The phrase ‘flying car’ used to be (and perhaps still is) shorthand for ‘the future’. As long as we don’t have the flying car that a nebulous ‘they’ promised us, the future is not now. Never mind that in this day and age even people fleeing a war-torn Syria carry around more computing power then it took to get people to the moon, the idea of having enough technology seems forever outside our grasp.
These days flying cars are also a go-to topic for the average lazy journalist—there’s nothing like an article that you can write as you type.
Articles about flying cars in the MSM (main stream media) tend to follow a certain pattern. They look at current efforts of building flying cars—which remarkably all look a lot like regular, non-flying cars. If you’re lucky these articles also discuss past efforts, so that you get some historical perspective—for instance, the perspective that people have been designing, prototyping and dismissing flying cars for almost a century. And these articles often close with some made-up theory about how flying cars would lead to mayhem in the sky, followed by conjecture that this may be why we don’t have flying cars yet.
One of my larger objections to this trope is teleological in nature. I contend that we already have flying cars. They were invented in 1903 by two American brothers called Wright and have since taken the world by storm.
It turns out that if you put it like that, a whole lot of people will say: “but that’s not a flying car, that’s an airplane!” So what makes something a flying car? The image we have of flying cars is something straight out of the Jetsons or Back to the Future. It needs to be a vehicle. It needs to land and take off pretty much anywhere you like. It needs to be compact enough to park it near your house and comfortable enough to use for commuting or shopping. And it needs to have two more things, which I will discuss in a second. What it doesn’t need is to look like a car or to have wheels.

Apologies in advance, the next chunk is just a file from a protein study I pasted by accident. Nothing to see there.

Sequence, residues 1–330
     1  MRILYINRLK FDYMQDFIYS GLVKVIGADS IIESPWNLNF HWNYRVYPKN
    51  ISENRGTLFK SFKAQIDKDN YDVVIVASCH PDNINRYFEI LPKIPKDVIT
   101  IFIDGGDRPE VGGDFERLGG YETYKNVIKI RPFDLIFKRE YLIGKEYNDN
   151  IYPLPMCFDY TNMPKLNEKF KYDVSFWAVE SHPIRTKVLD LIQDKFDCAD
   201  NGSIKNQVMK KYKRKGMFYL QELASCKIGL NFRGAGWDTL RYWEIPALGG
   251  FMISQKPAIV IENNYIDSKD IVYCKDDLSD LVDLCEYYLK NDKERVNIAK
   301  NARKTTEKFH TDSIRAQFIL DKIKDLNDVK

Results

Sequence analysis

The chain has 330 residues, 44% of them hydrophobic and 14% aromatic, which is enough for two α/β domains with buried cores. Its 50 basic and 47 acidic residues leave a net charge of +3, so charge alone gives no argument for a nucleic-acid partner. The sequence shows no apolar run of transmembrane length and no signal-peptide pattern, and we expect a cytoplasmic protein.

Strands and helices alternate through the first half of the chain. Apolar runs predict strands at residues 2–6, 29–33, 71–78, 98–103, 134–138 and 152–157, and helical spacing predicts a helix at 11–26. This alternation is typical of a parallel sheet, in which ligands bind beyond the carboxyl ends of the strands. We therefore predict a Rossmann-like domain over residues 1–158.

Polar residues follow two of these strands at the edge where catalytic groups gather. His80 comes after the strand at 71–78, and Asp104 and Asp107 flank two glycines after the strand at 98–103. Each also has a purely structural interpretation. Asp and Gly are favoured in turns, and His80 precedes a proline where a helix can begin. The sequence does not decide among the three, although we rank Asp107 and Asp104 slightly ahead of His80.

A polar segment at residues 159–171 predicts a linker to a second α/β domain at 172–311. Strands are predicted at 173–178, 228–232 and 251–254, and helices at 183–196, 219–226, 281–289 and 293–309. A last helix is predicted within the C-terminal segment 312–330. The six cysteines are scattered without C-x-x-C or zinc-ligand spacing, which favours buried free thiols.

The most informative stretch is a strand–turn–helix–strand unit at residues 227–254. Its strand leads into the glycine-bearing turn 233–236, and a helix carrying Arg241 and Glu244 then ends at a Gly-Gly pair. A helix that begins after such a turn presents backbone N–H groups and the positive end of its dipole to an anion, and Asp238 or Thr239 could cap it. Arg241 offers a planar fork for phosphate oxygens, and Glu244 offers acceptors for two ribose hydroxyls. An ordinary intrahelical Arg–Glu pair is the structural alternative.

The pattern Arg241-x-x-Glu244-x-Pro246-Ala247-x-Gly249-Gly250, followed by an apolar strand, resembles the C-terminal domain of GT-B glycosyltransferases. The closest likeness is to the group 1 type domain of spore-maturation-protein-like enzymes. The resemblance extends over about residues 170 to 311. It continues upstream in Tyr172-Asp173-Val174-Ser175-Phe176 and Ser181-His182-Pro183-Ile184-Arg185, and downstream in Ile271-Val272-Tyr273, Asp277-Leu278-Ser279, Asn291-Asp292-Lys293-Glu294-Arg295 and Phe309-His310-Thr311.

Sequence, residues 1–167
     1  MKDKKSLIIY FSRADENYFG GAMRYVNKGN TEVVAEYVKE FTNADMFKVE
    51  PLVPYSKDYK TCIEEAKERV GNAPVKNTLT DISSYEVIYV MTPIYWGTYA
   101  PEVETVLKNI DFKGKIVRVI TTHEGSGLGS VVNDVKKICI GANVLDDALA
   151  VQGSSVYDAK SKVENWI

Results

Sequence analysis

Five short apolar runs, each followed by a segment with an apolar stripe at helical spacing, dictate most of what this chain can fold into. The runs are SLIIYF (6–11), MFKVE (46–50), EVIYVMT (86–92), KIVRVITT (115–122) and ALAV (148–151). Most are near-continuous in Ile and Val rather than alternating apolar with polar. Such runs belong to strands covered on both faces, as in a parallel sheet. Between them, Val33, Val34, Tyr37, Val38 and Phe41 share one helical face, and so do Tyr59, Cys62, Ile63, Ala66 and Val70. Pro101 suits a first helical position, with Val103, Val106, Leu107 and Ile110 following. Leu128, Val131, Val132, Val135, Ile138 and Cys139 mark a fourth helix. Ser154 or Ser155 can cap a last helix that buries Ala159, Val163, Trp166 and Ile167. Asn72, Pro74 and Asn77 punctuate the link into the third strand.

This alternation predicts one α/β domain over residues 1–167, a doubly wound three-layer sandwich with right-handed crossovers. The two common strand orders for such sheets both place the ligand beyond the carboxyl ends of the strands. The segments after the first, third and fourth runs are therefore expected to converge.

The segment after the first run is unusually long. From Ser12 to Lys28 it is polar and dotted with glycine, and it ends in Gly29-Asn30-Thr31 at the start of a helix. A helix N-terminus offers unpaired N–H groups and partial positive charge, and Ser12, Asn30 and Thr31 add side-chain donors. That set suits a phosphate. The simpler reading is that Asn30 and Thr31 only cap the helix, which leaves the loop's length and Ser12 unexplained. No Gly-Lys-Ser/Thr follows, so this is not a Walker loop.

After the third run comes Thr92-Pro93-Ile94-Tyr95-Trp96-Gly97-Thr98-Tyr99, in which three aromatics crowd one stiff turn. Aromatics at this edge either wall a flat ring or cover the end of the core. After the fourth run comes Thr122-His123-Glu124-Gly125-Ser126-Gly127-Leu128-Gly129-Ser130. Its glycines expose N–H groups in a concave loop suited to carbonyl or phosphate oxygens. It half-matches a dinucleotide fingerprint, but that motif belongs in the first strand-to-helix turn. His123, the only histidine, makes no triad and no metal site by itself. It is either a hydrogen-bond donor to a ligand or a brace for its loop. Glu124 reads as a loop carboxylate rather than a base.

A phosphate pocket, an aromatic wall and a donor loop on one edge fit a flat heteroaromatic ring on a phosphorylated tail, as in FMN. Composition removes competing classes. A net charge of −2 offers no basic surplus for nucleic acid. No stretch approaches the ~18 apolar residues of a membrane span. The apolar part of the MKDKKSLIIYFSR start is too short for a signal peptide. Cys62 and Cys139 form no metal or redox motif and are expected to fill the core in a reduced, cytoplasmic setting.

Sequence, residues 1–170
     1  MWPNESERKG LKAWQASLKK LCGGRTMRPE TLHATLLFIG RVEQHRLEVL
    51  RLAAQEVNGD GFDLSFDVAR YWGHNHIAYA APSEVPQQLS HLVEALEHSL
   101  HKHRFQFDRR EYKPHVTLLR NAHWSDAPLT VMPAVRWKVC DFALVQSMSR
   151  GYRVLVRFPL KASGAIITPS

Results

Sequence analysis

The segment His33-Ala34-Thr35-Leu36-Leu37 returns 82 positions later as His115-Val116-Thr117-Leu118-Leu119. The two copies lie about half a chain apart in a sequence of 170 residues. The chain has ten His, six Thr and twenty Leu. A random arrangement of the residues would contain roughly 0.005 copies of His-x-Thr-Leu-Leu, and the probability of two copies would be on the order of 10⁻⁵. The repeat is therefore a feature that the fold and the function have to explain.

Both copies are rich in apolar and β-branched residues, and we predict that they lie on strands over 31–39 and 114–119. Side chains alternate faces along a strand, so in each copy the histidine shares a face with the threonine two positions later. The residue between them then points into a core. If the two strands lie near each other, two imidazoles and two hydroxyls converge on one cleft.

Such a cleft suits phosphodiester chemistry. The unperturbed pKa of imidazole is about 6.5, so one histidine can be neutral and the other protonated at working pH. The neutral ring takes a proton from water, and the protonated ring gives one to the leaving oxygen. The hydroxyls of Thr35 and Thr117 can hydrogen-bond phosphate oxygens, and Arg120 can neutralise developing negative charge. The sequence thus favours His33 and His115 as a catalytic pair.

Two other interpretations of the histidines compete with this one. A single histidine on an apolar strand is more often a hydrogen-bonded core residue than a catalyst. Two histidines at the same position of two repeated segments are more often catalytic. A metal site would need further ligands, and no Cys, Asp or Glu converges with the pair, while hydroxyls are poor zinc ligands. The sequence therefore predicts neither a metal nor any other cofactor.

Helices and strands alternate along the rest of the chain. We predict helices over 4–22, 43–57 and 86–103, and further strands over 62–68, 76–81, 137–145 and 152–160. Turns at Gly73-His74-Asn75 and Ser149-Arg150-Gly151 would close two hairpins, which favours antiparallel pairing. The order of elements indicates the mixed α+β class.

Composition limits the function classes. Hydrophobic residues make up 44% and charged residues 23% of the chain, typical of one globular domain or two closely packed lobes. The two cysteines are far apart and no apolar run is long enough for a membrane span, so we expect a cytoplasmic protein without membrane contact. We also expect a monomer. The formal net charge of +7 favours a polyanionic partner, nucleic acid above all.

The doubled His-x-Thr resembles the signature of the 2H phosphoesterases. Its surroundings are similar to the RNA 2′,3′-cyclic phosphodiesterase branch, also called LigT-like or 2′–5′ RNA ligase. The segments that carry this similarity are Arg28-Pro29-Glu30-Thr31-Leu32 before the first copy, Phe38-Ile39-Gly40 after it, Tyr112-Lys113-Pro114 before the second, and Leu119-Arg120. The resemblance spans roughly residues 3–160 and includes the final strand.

Even if you bring these extra limitations into the definition of flying cars, you still have the problem that this vehicle already exists. It’s called a helicopter. You have also introduced a problem for the lazy journalists, because this stricter definition of ‘flying car’ no longer includes any of the flying cars currently under development. The Pal-V’s and Terrafugias require dedicated airstrips to land and take off, so unless you live on an airport, they are not flying cars.
These modern flying cars are basically roadworthy aircraft. They look like cars (at least the bottom half) because when they are on the road, they are cars. What they are designed to solve is the problem that you aren’t allowed to land a helicopter just anywhere. They are 10% technological innovation and 90% legal work-around.
The way land-bound cars are advertised it would seem that their main purpose is personal freedom, especially freedom from roads full of other cars. Obviously if you own a car you realize that this is just a fantasy. If you use your car for commuting, you get used to being stuck in traffic for a considerable chunk of your life. But maybe flying cars could provide a solution? So that’s the final limitation that separates conventional aircraft from flying cars.
So what makes a flying car again?
- It is a vehicle.
- That is capable of taking off and landing where and when its operator desires.
- That is allowed to take off and land where and when its operator desires.
Interestingly the very idea of what a flying car is also contributes to make it so that we don’t have them. The final two defining features are after all legal and psychological/sociological in nature, and such problems can be tricky to solve. (I wrote something other than ‘tricky to solve’, but I’ll leave the anti-technocratic rant for some other time.)